Earth-based radar astronomy may fill that gap in our monitoring of Venus. In 1988, a team led by Donald Campbell of Cornell University used the radar system at Arecibo Observatory in Puerto Rico to map the side of Venus that faces Earth when the two planets are closest together in the sky (called an inferior conjunction). This map can distinguish features about a mile across—less detailed than Magellan but still adequate to see large lava flows from volcanoes. In 2012, a team led by Smithsonian scientists carried out a similar type of mapping, transmitting the radar signal from Arecibo Observatory but receiving the echoes from Venus at the Green Bank Telescope in West Virginia.
It is painstaking to compare these images and search for evidence of change, but the work is ongoing. In the meantime, combining images from the two observing periods is yielding a wealth of insight about other processes that alter the surface of Venus. One source of change is through the formation of impact craters, which hurl dusty material above the atmosphere, from where it settles back to the surface up to hundreds of miles away. Over time, the gentle surface winds move this material around, piling it up against ridges or hills. The Earth-based data show that such blankets of fine material can cover large regions of the fractured, mountainous uplands called tesserae. These rugged highlands are likely places to find rocks that record the early history of Venus, and some evidence suggests that the tesserae share similarities with continents on Earth. Mapping the extent of crater deposits and other types of surface change will be crucial to finding the best landing sites for future spacecraft that venture into this very “unearthly” environment.
Bruce Campbell is a Senior Scientist with the Center for Earth and Planetary Studies (CEPS) at the National Air and Space Museum. Gareth Morgan is a Planetary Geologist in CEPS. The work described here will be published in an upcoming issue of the journal Icarus.
If weather permits and no last-minute technical issues arise, NASA’s next-generation crew exploration vehicle launches into space for the first time on December 4*, 2014. The engineering test flight with no one aboard the craft is planned to last four hours, make two orbits at a distance of 3,600 miles, and splash down off the coast of Baja California. The flight will test basic spacecraft systems and new safety measures.
Some have called Orion “Apollo on steroids” because the large conical capsule is reminiscent of the Apollo command modules that took men to the Moon and back. Scaled up to seat four crewmembers, Orion has a crew escape system for use in a launch mishap. The craft descends from orbit protected by a blunt ablative heat shield and slowed by three huge parachutes like those used before the shuttle era.
The launch vehicle for this test flight is the Delta IV Heavy from United Launch Alliance, routinely used to place satellites into orbit. A new Space Launch System (SLS) under development will eventually come into service for Orion; it also draws elements from the past—derivatives of the Saturn V and space shuttle liquid propellant engines and scaled-up shuttle solid rocket boosters.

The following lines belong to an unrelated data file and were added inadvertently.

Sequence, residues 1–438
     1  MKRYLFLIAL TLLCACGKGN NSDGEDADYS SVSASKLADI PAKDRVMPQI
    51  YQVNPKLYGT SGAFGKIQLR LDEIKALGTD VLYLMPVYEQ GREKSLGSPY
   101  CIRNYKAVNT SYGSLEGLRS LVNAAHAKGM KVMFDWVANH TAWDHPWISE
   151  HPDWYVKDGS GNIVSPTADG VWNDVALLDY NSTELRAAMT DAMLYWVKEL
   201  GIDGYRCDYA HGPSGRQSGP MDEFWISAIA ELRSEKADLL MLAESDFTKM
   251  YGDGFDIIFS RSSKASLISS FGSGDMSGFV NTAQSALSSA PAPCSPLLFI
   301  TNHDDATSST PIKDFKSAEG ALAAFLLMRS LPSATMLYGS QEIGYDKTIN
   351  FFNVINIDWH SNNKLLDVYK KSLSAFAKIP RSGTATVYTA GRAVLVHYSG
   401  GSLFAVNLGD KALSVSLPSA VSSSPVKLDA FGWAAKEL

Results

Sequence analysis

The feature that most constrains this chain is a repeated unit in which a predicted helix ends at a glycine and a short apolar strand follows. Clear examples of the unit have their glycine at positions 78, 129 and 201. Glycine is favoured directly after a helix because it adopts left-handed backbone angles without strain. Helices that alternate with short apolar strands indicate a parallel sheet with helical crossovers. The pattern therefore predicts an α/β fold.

NASA is billing this flight as the first step in the journey to Mars, and Orion as the spacecraft built to take humans farther than they have ever gone before. It may be a decade or longer before a Mars mission happens, as there is not yet an official program with funding in place. However, sending the vehicle far beyond the International Space Station’s 250-mile orbit to check out its performance in the harsher radiation environment and the higher speed reentry is a prelude to long-distance exploration.
The Museum has three distinctive links to Orion. One is Chief Engineer Julie Kramer White, who was our liaison to NASA for shuttle test vehicle Enterprise. Based in the orbiter engineering office in Houston during the 1990s, she arranged for various inspections on the original orbiter to evaluate the condition of its aging materials. To our knowledge, she is the first female chief engineer for the development of a crew spacecraft.
Another connection to Orion is that a few mementos from the Museum are on this flight. We sent three small silk flags with our vintage logo, previously flown on Discovery’s first mission in 1984; two small “Web of Space” sculptures by local artist John Safer that we award as the Museum’s annual trophy for current and lifetime achievement in aerospace; and an unflown oxygen hose from our inventory of spare Apollo spacesuit parts.
Our strongest connection to Orion is our relationship with Lockheed Martin, developer of the new spacecraft and one of the Museum’s most generous supporters. The Lockheed Martin IMAX Theater and our partnership in producing the first three IMAX® films made in space are just two of the most visible emblems of this long and valued relationship.